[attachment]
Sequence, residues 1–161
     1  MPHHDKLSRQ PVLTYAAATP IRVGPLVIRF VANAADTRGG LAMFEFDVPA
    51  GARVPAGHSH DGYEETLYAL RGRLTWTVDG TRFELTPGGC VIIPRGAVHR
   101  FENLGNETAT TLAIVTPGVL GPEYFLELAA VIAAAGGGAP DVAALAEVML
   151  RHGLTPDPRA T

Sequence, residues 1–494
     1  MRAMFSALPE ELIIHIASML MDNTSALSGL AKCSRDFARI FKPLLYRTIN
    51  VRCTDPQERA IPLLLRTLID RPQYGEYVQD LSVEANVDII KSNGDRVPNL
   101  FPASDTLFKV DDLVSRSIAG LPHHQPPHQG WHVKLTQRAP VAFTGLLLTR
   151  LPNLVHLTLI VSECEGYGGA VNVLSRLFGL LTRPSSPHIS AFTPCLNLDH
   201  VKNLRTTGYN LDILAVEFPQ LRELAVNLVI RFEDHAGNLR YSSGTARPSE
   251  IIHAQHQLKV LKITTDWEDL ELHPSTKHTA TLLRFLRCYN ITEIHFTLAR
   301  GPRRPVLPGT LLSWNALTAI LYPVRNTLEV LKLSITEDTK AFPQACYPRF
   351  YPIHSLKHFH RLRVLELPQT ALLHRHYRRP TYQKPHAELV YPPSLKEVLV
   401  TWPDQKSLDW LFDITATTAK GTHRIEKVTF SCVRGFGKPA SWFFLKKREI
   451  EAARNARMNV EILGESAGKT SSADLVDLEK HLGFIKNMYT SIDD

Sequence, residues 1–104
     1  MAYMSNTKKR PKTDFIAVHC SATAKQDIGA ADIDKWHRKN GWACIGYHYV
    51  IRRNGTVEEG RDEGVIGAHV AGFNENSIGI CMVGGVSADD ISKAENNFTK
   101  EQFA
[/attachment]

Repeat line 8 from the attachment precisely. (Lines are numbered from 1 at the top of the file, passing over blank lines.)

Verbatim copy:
    51  VRCTDPQERA IPLLLRTLID RPQYGEYVQD LSVEANVDII KSNGDRVPNL